Delivery Of First Two F-35A Aircraft For Belgium Further Delayed

Belgium F-35


Belgium F-35
File picture of an F-35A.

In keeping with native media, the Belgian MOD “refused” the supply of the brand new F-35A destined to the Belgian Air Part, however there’s extra to it.

It appears just like the lengthy awaited supply of the primary two F-35A plane for the Belgian Air Part isn’t going to happen by the tip on this yr. In actual fact, in line with VRT NWS [whose report is titled “Belgium refuses new F-35A fighters because they are (for the time being) technically unsatisfactory”] the primary two plane, that had been scheduled to be delivered in 2023, will probably be delivered subsequent yr, with a further delay of about six months.

In October 2018, Belgium determined to acquire the Lockheed Martin F-35A Lightning II to exchange the Belgian Air Part’s fleet of 54 F-16 Combating Falcon jets, whose phase-out was anticipated between 2023 and 2028. In keeping with the preliminary timetable, 4 F-35s needed to be delivered, yearly, between 2023 and 2030. However the very first batch of 4 stealth fighters was delayed by the Covid-19 emergency and the impression the pandemic had on the subcontractors. The revised plan known as for the primary two Belgian F-35As to be delivered on the finish of 2023 and two extra ones in the course of the first quarter of 2024. Nonetheless, the plan has undergone an extra change.

“Based mostly on the present schedule, the {hardware} will probably be prepared by December 2023. The certification and qualification of the software program and the ultimate supply of the plane rely upon the outcomes of the take a look at marketing campaign and are at present estimated for the second quarter of 2024,” mentioned the a Belgian Protection spokesperson cited by VRT NWS.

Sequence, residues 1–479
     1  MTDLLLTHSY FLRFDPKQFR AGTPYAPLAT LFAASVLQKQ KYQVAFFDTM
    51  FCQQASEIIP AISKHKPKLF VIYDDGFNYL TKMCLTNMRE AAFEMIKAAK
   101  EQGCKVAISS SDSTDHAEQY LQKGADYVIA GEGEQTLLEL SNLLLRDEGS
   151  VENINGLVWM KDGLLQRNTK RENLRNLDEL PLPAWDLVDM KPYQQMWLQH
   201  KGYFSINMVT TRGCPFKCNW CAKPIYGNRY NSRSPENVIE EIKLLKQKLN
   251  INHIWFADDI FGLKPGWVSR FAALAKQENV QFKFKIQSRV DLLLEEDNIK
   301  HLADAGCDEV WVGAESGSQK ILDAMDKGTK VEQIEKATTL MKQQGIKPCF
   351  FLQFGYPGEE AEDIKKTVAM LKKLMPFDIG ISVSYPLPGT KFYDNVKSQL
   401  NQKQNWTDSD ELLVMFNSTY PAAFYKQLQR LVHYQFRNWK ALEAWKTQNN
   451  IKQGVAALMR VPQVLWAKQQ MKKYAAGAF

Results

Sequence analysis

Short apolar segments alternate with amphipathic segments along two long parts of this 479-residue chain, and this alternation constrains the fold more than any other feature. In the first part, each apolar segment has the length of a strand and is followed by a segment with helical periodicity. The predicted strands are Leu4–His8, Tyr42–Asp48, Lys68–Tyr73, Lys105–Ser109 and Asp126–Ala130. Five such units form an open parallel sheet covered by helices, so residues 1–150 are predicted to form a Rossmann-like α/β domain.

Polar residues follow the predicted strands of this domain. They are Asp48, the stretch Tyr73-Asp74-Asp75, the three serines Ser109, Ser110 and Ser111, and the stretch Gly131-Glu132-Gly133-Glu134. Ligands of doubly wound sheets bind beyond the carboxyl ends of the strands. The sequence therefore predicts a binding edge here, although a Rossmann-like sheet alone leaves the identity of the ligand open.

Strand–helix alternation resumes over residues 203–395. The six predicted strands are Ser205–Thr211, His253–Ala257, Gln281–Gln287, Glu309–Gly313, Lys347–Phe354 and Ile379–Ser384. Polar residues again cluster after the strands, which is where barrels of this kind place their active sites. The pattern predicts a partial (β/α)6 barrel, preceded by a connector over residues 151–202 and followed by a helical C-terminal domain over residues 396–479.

Clearly, the delayed supply of the primary plane to Luke Air Drive Base, U.S., the place BAF pilots will probably be educated on the sort, will have an effect on the coaching schedule and, probably, on the preparedness standing of the Belgian Air Drive. Nonetheless, the Belgian MOD seems to be cautiously optimistic: “if the delay is proscribed to a couple months, it can have little or no impression on the eventual gradual operational build-up (Preliminary Operational Functionality by 2027 and Full Operational Functionality round 2030)”.

The problem lies within the Tech(nology) Refresh 3 (TR-3) upgrades. As we already reported, TR-3 consists of each software program and {hardware} upgrades and is taken into account important with the intention to ship the Block 4 improve and the long run ones, being described because the IT spine for all future enhancements. TR-3 will probably be put in in all new manufacturing plane and retrofitted on all of the F-35s already in service again to Lot 10. The retrofit, which requires 14 days of downtime, will probably be carried out throughout scheduled upkeep. This fashion the F-35 will migrate to the open-system architecture and exploit all its benefits, like including new or improved capabilities on operational plane in a short time and at a diminished price.

Listed below are some particulars about TR-3 configuration and Block 4 capabilities we now have mentioned in our earlier article on the first test flight of the first upgraded F-35: